In the last two years, a remarkable amount of disturbing news has been published concerning global warming, largely concentrating on melting of polar ice, tropical storms and hurricanes, and mass extinctions. The sheer volume of these stories appears to be moving the American political process toward some type of policy restricting emissions of carbon dioxide.
It is highly improbable, in a statistical sense, that new information added to any existing forecast is almost always “bad” or “good”; rather, each new finding has an equal probability of making a forecast worse or better. Consequently, the preponderance of bad news almost certainly means that something is missing, both in the process of science itself and in the reporting of science. This paper examines in detail both recent scientific reports on climate change and the communication of those reports.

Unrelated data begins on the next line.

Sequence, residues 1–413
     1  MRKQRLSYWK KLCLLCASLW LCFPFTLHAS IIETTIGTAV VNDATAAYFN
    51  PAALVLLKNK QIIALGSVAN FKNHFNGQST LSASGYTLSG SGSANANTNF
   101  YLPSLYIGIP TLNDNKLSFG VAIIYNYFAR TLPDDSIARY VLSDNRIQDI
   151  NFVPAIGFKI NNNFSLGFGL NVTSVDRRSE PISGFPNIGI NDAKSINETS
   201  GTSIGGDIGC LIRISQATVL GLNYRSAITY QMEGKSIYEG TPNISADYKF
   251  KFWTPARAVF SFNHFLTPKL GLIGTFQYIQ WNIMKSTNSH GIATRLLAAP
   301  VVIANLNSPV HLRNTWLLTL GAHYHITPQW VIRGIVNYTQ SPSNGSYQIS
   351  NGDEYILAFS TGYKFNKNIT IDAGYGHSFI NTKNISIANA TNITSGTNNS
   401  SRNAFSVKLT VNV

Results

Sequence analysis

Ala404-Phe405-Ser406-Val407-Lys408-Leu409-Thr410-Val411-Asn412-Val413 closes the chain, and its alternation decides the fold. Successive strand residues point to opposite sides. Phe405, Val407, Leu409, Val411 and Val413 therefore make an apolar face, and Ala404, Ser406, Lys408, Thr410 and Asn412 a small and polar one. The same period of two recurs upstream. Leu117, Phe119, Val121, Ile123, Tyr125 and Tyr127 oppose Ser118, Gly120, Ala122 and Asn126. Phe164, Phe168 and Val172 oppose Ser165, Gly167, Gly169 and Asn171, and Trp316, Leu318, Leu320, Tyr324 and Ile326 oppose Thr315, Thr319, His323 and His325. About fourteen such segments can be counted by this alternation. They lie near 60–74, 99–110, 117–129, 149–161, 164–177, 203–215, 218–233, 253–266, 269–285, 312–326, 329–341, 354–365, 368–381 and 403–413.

Needless to say, the unreported information is usually counter to the bad news. Reports of rapid disintegration of Greenland’s ice ignore the fact that the region was warmer than it is now for several decades in the early 20th century, before humans could have had much influence on climate. Similar stories concerning Antarctica neglect the fact that the net temperature trend in recent decades is negative, or that warming the surrounding ocean can serve only to enhance snowfall, resulting in a gain in ice. Global warming affects hurricanes in both positive and negative fashions, and there is no relationship between the severity of storms and ocean‐surface temperature, once a commonly exceeded threshold temperature is reached. Reports of massive species extinction also turn out to be impressively flawed.
This constellation of half‐truths and misstatements is a predictable consequence of the way that science is now conducted, where issues compete with each other for public support. Unfortunately, this creates a culture of negativity that is reflected in the recent spate of global warming reports.